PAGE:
Copyright – Rochelle Wisoff-Fields
She stood admiring her handiwork. Each time she finished a piece, or found just the right artifact to honor her last conquest, a celebration followed with a bottle of Champagne. The shelf was finally full; she was bursting with excitement… and grief. Now what? This was her life’s work, nothing else will fill the void, nothing else could be as exciting, and she didn’t have the energy to start again.
Besides, the trinkets were in no way her true art. The lost souls that inspired each trinket were the prize and now she didn’t have anyone left for inspiration.
This story represents my entry into Friday Fictioneers
Copyright – Dawn M. Miller
“Greg was a great man,” he told her, “he saved my life even though I didn’t deserve it; I would take his place if I could.” She looked up at him, eyes full of sorrow, only capable of tears.
“Greg was staring at this for an hour before we left on that patrol,” he said, pulling a picture frame out of his pocket. She recognized it from their family vacation, a souvenir from a museum gift shop.
She loved them both before they deployed, her husband never knew. She had prayed he would never find out but this is not what she had in mind.
This is my entry into Friday Fictioneers
The Trifecta Writing Challenge asked for a children’s bedtime story of exactly 33 words. I hope you enjoy.
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Close your eyes and pay attention to your dreams
Tonight’s adventure can bring you so many things
Princesses, unicorns, or pink dragon pets
Close your eyes my sweet child and get some rest
Copyright: Claire Fuller
He would no longer cower as one of the mindless drones trudging through the day to serve their riches. They wouldn’t forget his name again.
He had spent months learning to hit the note just right, the seventh note in a harmonic minor scale, the note that was adjusted up a half step centuries ago to hide its true nature. Back then composers were executed for witchcraft if they harmonized this note in their work, but it couldn’t stay hidden forever.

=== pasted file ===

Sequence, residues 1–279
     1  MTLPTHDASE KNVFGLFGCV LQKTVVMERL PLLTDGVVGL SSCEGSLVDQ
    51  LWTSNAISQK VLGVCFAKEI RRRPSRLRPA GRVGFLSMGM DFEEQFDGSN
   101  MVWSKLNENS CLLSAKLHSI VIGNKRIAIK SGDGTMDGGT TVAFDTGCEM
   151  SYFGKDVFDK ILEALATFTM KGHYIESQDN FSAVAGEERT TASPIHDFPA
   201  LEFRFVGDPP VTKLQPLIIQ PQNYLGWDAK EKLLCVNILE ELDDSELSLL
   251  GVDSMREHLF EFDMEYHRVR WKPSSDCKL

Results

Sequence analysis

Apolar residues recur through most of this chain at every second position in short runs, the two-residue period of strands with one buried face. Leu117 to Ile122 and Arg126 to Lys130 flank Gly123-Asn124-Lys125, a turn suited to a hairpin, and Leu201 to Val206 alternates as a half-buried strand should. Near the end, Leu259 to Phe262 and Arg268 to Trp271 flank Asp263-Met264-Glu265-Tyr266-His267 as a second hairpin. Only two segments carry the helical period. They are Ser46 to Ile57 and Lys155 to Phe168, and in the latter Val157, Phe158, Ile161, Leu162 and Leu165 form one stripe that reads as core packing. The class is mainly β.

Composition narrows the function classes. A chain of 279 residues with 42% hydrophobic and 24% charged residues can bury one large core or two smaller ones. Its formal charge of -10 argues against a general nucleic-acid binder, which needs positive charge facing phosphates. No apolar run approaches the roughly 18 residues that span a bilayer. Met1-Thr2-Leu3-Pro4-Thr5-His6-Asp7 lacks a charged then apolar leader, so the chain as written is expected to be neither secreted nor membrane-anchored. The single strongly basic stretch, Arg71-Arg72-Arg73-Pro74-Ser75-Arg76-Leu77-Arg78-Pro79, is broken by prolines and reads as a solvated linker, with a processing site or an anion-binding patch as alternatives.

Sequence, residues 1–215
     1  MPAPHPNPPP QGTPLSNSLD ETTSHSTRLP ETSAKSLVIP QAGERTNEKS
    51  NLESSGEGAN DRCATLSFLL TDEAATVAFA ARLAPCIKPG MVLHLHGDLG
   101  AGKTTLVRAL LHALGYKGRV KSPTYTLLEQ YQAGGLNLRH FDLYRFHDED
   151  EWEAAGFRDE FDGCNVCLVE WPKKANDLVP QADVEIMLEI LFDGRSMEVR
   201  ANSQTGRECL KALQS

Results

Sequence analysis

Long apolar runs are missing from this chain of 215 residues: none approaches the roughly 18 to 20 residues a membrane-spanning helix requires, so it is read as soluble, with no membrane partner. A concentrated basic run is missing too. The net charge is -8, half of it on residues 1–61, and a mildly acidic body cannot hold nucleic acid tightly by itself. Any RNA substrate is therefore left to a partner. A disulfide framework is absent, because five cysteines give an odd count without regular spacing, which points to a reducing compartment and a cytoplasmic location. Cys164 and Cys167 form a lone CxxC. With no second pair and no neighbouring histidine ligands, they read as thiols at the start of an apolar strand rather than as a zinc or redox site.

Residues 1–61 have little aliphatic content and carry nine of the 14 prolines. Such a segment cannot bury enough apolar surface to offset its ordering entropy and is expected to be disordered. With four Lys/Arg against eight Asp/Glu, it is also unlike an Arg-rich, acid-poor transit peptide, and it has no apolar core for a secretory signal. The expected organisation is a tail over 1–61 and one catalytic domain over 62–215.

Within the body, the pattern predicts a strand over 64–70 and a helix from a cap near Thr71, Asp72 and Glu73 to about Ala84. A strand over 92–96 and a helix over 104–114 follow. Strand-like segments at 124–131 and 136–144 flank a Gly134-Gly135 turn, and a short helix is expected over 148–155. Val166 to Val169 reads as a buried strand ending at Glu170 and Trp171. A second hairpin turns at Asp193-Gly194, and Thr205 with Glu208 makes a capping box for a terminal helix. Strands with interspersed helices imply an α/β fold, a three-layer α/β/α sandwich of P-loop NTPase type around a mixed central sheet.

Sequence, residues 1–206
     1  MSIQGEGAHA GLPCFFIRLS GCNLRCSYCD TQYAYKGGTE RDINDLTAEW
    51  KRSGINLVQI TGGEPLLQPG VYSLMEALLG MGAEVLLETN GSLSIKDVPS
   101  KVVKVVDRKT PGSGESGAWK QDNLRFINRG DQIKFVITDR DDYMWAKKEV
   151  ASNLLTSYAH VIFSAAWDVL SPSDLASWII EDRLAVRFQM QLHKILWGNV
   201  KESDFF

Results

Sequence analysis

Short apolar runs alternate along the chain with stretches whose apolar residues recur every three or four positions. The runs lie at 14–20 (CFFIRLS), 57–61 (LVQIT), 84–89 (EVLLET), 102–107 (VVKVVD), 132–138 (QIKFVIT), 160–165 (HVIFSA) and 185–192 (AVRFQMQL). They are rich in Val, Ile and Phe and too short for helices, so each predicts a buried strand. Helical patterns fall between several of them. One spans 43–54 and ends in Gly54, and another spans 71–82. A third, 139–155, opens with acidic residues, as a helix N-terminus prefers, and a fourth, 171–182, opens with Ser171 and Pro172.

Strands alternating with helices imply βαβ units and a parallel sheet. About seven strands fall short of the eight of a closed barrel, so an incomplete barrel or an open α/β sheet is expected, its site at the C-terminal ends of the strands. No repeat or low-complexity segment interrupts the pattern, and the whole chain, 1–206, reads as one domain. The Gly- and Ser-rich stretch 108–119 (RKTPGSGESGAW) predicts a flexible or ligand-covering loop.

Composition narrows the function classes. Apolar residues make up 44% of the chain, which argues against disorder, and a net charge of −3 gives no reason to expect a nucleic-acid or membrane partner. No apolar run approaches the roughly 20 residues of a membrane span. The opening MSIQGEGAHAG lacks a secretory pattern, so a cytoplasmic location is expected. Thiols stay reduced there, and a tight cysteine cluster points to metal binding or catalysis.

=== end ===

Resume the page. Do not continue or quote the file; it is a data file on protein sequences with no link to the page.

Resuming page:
He took his place among the candles and relics perfectly positioned around him. This would be unforgettable.
This story represents my entry to Friday Fictioneers
Copyright: Alastair Forbes
He expected life to be easy and full of wonder when he retired from the military. Money would be no object since he was inheriting the riverboat business. But he stumbled through each day emotionless and tired, always saying he would adjust eventually. He didn’t believe his own words; he missed the fight, he needed a seemingly tireless enemy teasing him with death, that’s the truth.
A man he knew from his early days in the military stopped by the office. They met years before just as he was getting into special operations. He knew his friend had joined another government organization but was not aware of the details. It’s no surprise he took the offer even though it seemed to good to be true, he had to feel alive again, he needed something, and this would have to do.
A year later he was strapped into a machine destine for his new assignment. Not an assignment in the present but one in the past.
His friend’s disappointment was only due to the fact he would have to start the recruitment process over again. He had grown numb to the pain his test subjects felt when the machine failed.
This story represents this weeks entry to Alastair’s Photo Fiction.
It’s a complement after a life lived well, unconditional love given to every being that crossed her path. God smiled on her return, now she gets endless love from the sun and earth.
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Today the Trifecta Writing Challenge threw us for a loop and required a happy story of exactly 33 words. Short prompts like this are always a challenge for me, I hope you enjoy.
Copyright- Roger Bultot
“She was just sitting here crying when I walked up sir. But there is a lot more going on in that women’s head than just concern over her smashed car.”
“Thanks for calling me directly, how much did she tell you?”
“She says she’s been driving drugs into the city for her boyfriend, says the trunk is full of cocaine. She wouldn’t shut up about her husband, said he’s a limp dick loser. She insisted that I call you, that you two were old friends or something. How do you know her sir?”
“I’m her husband.”
Sally, the drugs, and the rookie officer were never seen again.
This story is my entry into Friday Fictioneers.